So dicrimination is ok if you run a business? what if their rules are discriminatory? Other groups have been discriminated against because of they way they look, for example black people, women, hispanic.It's just business right. women can have long hair but not men? discrimination continues in this world because of places like HMV and people like you!
    We may all agree it's a silly policy and contradictory within the context of selling music, but HMV has the right to institute a dress code for their employees. I hardly think this qualifies as "discrimination". At the end of the day, no one is holding a gun to anyone's head asking them to either work or shop there. If you don't like what HMV is doing, tell them about it by withholding your business. Obviously, saying "if you don't like it quit" is not really realistic given the economic environment these days, but I imagine HMV may see an impact in hiring by perhaps getting less musically-knowledgeable staff - assuming tattoos and piercings are indicative of musical knowledge [now, THAT is profiling... ].
    Was curious about the legal ramifications, and found a good summary item here: Key excerpt: Tattoos and Body Piercings. Many employees also mistakenly believe that they have a right to show tattoos and body piercings in the workplace. While tattoos and piercings may be examples of employee self-expression, they generally are not recognized as indications of religious or racial expression and, therefore, are not protected under federal discrimination laws. Accordingly, as with most personal appearance and grooming standards, you have wide latitude to set policy regarding tattoos and body piercings. Obviously, this relates to U.S. law, but I would imagine U.K. law follows a similar model.
    Near enough the same in the UK. When it comes to tattoos, it's almost entirely at the discretion of the employer. People have fought employer policies and won, but only in unusually heavy handed cases, for example if it was disclosed at interview that the person would have visible, inoffensive tattoos and they were hired with that knowledge.
    i would agree with you except you can't really adhere to the dress code if you already have tattoos...
    Business hire people for their qualifications, knowledge and experience. Thats what you need to do a job. how you look has nothing to do with these things. Unlike qualifications,which are based on factual experience college etc, A 'dress code' is based only on a persons appearance and subject to someone's personal opinion of what is acceptable. The definition of discrimination is treatment or consideration of, or making a distinction in favor of or against, a person or thing based on the group, class, or category to which that person or thing belongs rather than on individual merit. Based on this common definition of discrimination what HMV is doing is discrimination plain and simple.
    The difference is that minorities don't choose to look that way. If you have tattoos and long hair, it was completely your choice.
    Leather Sleeves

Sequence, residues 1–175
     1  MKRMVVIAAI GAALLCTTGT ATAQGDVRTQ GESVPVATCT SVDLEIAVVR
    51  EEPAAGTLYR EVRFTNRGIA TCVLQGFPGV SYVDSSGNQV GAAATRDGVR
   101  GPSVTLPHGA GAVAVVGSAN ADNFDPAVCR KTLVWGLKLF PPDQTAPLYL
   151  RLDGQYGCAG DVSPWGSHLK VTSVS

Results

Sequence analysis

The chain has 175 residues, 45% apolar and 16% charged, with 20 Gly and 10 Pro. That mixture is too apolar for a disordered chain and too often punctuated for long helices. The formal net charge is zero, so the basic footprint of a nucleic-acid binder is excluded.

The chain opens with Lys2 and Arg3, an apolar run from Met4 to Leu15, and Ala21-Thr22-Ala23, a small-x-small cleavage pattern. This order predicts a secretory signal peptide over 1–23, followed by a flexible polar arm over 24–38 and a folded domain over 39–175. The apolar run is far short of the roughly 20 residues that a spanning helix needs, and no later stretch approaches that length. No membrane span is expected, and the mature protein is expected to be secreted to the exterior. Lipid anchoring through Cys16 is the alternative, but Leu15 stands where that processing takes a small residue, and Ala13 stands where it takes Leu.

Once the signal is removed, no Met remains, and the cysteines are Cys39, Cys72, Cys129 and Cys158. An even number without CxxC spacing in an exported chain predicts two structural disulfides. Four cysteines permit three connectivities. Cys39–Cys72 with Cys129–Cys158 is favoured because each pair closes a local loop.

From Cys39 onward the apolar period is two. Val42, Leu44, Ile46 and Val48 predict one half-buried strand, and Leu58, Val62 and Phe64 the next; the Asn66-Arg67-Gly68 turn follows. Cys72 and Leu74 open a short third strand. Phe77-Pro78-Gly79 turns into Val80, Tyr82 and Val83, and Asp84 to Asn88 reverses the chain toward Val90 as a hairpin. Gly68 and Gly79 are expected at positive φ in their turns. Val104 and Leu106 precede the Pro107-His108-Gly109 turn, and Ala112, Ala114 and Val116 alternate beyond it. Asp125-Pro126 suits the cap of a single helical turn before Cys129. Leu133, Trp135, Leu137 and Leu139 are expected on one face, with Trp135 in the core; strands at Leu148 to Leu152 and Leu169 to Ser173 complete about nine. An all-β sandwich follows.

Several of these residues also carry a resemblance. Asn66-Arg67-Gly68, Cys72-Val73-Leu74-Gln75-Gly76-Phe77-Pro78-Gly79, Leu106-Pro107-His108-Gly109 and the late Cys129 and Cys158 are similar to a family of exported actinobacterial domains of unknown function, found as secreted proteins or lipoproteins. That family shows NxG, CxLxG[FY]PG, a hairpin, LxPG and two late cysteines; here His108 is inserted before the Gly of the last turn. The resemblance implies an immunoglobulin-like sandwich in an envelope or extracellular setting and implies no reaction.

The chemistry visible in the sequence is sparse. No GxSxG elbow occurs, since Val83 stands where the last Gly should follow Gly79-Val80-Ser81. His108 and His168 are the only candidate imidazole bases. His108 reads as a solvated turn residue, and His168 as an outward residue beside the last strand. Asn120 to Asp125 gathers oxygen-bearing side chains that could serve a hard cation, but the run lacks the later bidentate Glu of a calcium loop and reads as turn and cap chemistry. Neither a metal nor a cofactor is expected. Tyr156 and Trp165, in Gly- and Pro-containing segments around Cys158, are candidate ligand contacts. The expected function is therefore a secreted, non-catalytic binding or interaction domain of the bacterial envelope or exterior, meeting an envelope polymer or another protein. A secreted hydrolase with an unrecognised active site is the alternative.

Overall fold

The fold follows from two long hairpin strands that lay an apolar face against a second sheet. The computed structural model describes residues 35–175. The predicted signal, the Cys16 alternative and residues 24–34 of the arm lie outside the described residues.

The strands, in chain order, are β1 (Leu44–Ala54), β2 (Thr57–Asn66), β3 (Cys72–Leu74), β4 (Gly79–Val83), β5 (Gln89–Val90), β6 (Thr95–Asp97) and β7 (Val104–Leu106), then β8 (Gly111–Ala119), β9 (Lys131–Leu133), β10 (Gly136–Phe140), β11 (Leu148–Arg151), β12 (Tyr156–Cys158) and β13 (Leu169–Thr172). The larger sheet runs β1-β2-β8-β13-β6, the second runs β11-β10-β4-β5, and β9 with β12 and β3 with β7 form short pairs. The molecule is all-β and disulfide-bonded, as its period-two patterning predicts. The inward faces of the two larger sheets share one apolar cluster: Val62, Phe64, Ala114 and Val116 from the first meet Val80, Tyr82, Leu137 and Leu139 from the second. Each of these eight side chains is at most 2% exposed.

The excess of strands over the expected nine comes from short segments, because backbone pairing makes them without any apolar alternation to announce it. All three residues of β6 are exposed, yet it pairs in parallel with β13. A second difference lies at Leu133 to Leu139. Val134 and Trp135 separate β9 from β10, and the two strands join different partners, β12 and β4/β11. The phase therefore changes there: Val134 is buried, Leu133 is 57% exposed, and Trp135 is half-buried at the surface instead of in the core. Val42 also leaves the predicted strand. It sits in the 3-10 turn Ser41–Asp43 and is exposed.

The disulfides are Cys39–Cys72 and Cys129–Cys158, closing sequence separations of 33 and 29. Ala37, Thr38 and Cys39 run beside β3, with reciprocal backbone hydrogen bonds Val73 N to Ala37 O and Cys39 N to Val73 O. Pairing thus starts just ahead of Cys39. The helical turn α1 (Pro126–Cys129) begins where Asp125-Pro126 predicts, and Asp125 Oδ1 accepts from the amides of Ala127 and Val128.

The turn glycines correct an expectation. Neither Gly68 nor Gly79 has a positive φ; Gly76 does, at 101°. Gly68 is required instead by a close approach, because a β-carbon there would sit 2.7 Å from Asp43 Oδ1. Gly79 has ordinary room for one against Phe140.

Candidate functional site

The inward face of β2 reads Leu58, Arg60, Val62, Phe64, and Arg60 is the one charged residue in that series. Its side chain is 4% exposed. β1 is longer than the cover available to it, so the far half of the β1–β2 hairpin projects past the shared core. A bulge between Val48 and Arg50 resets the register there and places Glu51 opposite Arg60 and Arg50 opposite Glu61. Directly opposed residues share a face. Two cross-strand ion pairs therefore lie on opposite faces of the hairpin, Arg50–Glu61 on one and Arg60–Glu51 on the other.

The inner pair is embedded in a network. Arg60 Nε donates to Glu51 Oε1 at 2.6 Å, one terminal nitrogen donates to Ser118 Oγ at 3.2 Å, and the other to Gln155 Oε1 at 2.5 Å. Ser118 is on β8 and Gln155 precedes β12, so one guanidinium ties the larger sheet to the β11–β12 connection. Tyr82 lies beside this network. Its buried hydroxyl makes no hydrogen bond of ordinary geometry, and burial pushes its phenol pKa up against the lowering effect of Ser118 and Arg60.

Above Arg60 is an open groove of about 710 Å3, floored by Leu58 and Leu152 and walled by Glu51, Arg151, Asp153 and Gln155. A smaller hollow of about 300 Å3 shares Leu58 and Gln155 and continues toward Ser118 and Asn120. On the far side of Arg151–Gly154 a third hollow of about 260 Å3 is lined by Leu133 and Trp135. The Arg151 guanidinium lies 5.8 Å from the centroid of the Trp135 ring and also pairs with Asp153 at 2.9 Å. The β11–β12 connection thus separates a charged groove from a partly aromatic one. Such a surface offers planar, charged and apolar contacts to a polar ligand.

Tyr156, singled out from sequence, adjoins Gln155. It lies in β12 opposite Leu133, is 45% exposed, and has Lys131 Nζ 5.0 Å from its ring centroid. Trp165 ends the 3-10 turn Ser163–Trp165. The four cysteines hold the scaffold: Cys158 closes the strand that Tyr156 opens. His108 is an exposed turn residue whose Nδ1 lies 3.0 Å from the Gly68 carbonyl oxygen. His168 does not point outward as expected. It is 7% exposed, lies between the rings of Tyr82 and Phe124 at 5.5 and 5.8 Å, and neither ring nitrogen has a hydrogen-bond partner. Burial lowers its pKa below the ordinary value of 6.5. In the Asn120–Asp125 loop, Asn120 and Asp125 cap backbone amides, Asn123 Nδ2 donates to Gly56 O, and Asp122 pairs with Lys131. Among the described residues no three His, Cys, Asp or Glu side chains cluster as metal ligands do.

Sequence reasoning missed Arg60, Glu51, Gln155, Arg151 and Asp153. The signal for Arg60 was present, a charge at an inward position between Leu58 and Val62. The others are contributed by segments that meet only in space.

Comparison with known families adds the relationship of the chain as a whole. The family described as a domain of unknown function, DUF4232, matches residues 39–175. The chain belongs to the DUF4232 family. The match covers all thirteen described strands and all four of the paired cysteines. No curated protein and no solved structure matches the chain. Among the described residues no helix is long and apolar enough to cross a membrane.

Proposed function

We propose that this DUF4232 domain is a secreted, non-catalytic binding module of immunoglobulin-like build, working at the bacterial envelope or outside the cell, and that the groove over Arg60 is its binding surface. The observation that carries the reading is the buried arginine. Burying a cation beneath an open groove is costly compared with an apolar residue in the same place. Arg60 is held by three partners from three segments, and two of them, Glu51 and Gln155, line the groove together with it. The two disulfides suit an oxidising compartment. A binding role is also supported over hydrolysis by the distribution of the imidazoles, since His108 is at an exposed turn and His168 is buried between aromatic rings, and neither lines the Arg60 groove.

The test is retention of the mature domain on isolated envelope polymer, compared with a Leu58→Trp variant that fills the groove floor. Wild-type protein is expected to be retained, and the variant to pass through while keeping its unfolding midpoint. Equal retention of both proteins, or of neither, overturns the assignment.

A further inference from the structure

Not necessarily. There are many cultures in which tattoos are part of their spirituality, same with long hair.
    And how many of them work in HMV?
    Leather Sleeves
    Probably few, but if institutions like the military can make concessions to accomodate such cultures I think HMV can too. Just saying.
    Probably few is highly optimistic. Also, you have to remember that however true you feel your religion is, it's your choice to practise it. You shouldn't be prevented from doing so, but if you are going to, you would just have to accept that you wont be able to work in one brand of overpriced music store :/
    Ok, I will concede on that point. If it's spiritually/religiously related they can't do anything. But, if it's not then it was your choice and they are free to say that they don't want that in their workplace. Not to say that these are comparable "offences" (because they are not), but companies can deny you a job because you are a criminal because they don't want that in their workplace. It all comes down to you made a decision and there are consequences to it.
    Oh please.... We're not talking about real discrimination here. Simply the rights of a PRIVATE business to dictate how their employees, basically, groom themselves. Real discrimination would be if HMV said they wouldn't hire anyone who wasn't white male between the ages of 20-25 and was born in London's SOHO district, regardless of qualifications. Even then, as a PRIVATE business, that's their pejorative. You don't like it? Shop elsewhere.
    Second Rate
    Business is not the government, friend. It is wrong for the government to enshrine discrimination into law, but private individuals do (and most certainly should have the power to) discriminate. And before you come back and bitch about how you don't discriminate, you need to think long and hard on it. In your dating life, do you not have a certain set of standards you want potential mates to meet. Your friends, do you not have a particular set of standards that you hold them to? That, my friend, is discrimination. It is an every day fact of life. But hey... the UK is a free market correct? That means those folks with long hair and tattoos are not forced to work at HMV, they are free to find work at a place that DOES allow long hair and tattoos.